Large-scale food fortification is an essential action to reduce micronutrient deficiencies in Africa. To unlock the full potential of fortification, the private sector needs broader partnerships to foster investments in food processing technology and infrastructure, as well as to drive consumer education, says managing director of Crown Flour Mills (CFM) Limited, an Olam Group Company, Nigeria, Ashish Pande.
Pande, who during a virtual meeting organised by the government of Côte d’Ivoire and the United Nations World Food Programme (UNWFP), through the regional centre of excellence against hunger and malnutrition (CERFAM), reaffirms that CFM enjoins global efforts to curb malnutrition in Africa.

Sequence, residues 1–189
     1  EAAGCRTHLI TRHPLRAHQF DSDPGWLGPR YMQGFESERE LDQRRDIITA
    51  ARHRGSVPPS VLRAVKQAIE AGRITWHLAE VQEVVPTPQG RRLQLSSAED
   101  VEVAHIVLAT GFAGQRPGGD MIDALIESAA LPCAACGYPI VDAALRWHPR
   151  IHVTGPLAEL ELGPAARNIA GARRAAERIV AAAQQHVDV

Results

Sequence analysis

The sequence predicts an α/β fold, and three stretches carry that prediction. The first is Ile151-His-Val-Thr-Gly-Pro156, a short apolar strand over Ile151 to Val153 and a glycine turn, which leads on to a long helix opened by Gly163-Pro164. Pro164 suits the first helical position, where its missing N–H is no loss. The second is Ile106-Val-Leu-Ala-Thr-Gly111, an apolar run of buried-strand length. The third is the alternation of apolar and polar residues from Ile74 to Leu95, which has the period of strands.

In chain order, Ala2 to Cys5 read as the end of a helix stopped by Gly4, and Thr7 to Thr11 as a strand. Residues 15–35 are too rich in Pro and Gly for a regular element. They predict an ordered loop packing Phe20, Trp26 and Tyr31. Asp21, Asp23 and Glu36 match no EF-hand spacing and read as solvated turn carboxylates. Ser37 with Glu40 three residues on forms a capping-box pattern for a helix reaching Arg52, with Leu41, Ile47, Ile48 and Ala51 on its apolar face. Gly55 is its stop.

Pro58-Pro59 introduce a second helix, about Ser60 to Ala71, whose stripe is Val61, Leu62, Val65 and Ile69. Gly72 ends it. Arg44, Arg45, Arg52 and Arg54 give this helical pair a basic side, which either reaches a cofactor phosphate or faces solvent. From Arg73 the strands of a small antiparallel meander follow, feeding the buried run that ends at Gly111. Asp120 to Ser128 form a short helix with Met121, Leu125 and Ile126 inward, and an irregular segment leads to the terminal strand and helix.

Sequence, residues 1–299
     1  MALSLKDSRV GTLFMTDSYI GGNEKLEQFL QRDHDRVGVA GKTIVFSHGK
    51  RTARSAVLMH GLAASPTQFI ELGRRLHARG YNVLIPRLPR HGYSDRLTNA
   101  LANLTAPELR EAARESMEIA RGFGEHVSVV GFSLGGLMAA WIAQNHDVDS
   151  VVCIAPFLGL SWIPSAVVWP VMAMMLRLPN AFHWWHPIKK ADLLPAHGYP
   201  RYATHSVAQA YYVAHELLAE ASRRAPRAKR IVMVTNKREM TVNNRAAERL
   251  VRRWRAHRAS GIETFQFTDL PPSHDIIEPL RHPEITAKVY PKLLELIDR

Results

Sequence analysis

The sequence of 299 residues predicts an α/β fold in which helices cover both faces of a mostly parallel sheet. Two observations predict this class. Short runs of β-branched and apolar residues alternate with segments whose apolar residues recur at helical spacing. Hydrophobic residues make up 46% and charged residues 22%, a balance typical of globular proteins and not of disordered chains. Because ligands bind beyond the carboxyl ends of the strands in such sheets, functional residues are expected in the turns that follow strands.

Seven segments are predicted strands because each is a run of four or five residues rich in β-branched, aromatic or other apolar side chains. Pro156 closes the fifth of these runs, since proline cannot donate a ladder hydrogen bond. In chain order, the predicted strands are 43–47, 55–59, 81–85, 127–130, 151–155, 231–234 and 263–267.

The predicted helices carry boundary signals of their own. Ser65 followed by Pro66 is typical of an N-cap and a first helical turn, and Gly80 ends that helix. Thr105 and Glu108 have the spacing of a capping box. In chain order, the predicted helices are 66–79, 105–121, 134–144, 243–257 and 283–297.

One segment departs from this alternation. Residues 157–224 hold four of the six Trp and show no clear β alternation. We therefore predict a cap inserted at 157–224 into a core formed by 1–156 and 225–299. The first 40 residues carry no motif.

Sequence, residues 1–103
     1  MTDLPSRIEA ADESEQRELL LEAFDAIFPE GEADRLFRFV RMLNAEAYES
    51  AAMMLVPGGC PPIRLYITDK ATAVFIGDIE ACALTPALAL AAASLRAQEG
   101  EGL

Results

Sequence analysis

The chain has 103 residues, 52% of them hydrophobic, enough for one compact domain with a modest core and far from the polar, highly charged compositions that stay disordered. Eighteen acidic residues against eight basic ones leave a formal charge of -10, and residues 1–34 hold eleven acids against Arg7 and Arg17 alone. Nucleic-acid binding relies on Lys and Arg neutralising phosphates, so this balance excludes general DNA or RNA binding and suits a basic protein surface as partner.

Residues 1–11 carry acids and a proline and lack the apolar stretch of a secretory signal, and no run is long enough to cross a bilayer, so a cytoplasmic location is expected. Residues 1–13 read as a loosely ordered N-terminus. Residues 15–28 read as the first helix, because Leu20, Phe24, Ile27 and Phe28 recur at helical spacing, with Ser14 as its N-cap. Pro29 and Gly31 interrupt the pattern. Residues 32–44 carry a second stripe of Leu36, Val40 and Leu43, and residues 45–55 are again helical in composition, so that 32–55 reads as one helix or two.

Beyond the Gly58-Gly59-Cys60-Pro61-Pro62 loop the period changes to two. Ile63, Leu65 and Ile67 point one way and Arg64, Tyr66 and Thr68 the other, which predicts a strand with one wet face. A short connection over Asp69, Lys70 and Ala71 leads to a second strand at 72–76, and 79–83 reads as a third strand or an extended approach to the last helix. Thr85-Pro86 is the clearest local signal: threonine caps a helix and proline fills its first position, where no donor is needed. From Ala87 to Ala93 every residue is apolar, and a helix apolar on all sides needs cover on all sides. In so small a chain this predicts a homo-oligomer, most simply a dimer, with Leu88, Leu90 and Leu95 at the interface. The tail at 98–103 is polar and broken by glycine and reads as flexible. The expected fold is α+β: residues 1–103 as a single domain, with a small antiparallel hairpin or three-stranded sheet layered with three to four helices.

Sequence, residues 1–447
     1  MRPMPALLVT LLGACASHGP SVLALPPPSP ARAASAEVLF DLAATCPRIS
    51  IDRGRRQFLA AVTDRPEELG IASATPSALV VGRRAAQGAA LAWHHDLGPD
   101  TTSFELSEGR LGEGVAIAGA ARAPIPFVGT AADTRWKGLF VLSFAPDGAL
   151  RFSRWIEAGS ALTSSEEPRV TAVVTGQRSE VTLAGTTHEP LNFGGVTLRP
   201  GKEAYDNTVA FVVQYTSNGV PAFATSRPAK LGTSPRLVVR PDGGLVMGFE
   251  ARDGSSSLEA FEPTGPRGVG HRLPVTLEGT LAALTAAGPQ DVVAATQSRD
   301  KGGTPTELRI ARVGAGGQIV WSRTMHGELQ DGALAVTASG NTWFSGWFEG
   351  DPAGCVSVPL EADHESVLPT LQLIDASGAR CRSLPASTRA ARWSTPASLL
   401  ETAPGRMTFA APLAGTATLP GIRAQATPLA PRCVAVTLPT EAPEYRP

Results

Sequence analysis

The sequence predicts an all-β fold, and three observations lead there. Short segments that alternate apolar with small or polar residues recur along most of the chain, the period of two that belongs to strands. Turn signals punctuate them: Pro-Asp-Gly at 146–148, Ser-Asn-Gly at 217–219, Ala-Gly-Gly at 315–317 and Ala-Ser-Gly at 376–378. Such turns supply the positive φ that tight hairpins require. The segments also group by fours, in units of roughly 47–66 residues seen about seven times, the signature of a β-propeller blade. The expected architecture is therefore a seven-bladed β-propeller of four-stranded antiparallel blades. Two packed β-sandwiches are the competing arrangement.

With theme: “Food fortification: dietary approach to reduce micronutrient deficiencies in Africa” the virtual meeting brought together representatives from governments, regional and sub-regional organisations, the African Union, development partners, control and regulatory agencies, the private sector, academia, civil society organisations, food system experts and key players working in the field of nutrition in Africa.
According to Pande, the aim is to collate and propose actionable interventions to government and other key stakeholders to support the efforts of African countries to eliminate malnutrition from the continent.
Speaking on the roles of technological and financial partners in deepening the food fortification efforts in Africa, Pande said, “acquiring the right food processing technology infrastructure as well as communicating and educating the importance of micronutrients and a healthy diet to key value chain players and especially, consumers will fast track the food fortification agenda on sub-regional and regional levels in Africa. Daily Times, Pg. 5.